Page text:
For Students K-12
- This shrine is meant to look like a miniature temple. What aspects make it look like a building?
- Consider the materials this shrine is made of. What effect do these have on its appearance? How do they affect your reaction to the object?
- The shrine has many figural and animal forms decorating the exterior. What are these figures doing, and what might their purpose be?
- Act out the behaviors of the animals seen in this shrine. Elephants are a common animal in India and hold special meaning for Indian people. What animal is special to you or common where you live?
For Students K-12
- The DMA Shrine is made of repoussé silver-over-wood. Repoussé is a metalworking practice that creates designs in low relief by hammering the reverse side of a malleable metal. Consider the effect of this material on the appearance of the object. Fold, shape, twist, and crumple the foil provided into a silver-like creation. How is foil different from other supplies you have worked with?
- This shrine may have appeared in a Hindu or Jain temple alongside many other objects. Research the types of materials and figures seen in sacred spaces of another religion (i.e. Islamic mosque, Buddhist temple, Catholic cathedral, Jewish synagogue, etc.). In an essay compare and contrast the materials and objects found in your research to those of the _Shrine _and Hindu or Jain temples in India.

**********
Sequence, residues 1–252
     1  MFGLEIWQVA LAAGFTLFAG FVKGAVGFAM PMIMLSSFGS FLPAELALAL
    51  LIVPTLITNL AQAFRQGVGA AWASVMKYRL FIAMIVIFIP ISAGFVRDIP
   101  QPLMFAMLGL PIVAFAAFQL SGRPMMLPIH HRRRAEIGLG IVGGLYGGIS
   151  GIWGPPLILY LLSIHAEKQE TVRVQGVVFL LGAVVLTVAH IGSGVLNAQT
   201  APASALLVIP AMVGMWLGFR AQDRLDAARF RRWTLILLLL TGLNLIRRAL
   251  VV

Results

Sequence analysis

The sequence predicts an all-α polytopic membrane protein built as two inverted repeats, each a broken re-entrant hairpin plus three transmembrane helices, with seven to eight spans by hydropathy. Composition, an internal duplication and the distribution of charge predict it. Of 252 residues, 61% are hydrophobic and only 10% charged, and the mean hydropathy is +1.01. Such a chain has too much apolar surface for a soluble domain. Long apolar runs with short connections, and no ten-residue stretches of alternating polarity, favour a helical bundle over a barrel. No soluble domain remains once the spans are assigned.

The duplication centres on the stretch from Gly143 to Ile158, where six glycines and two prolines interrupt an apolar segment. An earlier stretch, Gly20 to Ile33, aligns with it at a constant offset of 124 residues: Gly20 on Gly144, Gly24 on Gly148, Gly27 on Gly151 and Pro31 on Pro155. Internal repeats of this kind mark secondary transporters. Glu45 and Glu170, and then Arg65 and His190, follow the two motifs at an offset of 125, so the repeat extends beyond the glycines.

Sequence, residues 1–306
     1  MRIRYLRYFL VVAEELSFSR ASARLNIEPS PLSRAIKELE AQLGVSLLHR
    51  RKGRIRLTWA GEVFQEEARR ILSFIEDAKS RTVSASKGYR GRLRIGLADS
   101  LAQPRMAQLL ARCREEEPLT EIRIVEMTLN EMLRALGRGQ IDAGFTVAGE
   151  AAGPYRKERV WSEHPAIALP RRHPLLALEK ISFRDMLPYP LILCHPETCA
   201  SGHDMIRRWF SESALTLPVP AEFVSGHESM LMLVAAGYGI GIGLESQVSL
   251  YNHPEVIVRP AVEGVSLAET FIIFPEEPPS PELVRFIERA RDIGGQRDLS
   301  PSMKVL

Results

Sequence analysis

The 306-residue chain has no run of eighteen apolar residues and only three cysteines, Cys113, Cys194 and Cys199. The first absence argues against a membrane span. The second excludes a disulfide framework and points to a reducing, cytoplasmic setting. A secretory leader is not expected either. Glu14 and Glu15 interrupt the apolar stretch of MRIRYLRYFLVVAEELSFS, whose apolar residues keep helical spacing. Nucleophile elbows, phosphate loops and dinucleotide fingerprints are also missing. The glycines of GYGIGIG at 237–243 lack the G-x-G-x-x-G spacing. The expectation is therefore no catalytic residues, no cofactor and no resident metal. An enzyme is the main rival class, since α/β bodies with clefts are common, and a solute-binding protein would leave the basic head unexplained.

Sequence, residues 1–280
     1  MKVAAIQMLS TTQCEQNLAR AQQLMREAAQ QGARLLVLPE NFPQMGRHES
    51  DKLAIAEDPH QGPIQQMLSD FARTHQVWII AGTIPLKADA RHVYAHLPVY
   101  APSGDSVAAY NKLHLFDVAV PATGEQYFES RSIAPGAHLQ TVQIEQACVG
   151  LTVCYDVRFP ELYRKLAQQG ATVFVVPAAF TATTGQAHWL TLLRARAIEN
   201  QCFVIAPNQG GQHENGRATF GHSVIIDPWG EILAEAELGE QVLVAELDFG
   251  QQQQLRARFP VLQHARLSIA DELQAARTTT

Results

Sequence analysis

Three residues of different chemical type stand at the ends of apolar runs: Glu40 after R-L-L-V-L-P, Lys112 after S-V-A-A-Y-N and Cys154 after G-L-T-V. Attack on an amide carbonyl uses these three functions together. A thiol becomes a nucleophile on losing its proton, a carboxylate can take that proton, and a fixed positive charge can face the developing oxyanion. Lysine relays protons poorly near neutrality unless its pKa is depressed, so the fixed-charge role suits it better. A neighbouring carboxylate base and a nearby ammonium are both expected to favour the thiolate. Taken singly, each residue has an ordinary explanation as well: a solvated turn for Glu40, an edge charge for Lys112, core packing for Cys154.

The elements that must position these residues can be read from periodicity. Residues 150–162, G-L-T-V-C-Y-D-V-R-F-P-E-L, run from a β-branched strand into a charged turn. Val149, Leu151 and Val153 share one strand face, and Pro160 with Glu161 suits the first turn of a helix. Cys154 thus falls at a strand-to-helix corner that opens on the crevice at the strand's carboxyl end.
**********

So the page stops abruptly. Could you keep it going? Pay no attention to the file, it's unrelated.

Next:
- Many cultures consider silver to be a precious material and utilize it to communicate power or wealth. Research the history of silver and its use outside of a Hindu or Jain context (i.e. amongst European peoples or Mesoamerican cultures) and present a report to the class on your findings, providing plenty of artistic examples (hint: search “silver” in the DMA collections online).
- The creator of this shrine used animals, flowers, and abstract designs to decorate this work of art. How would you decorate a special place? Create a drawing of how you would decorate a space such as your room.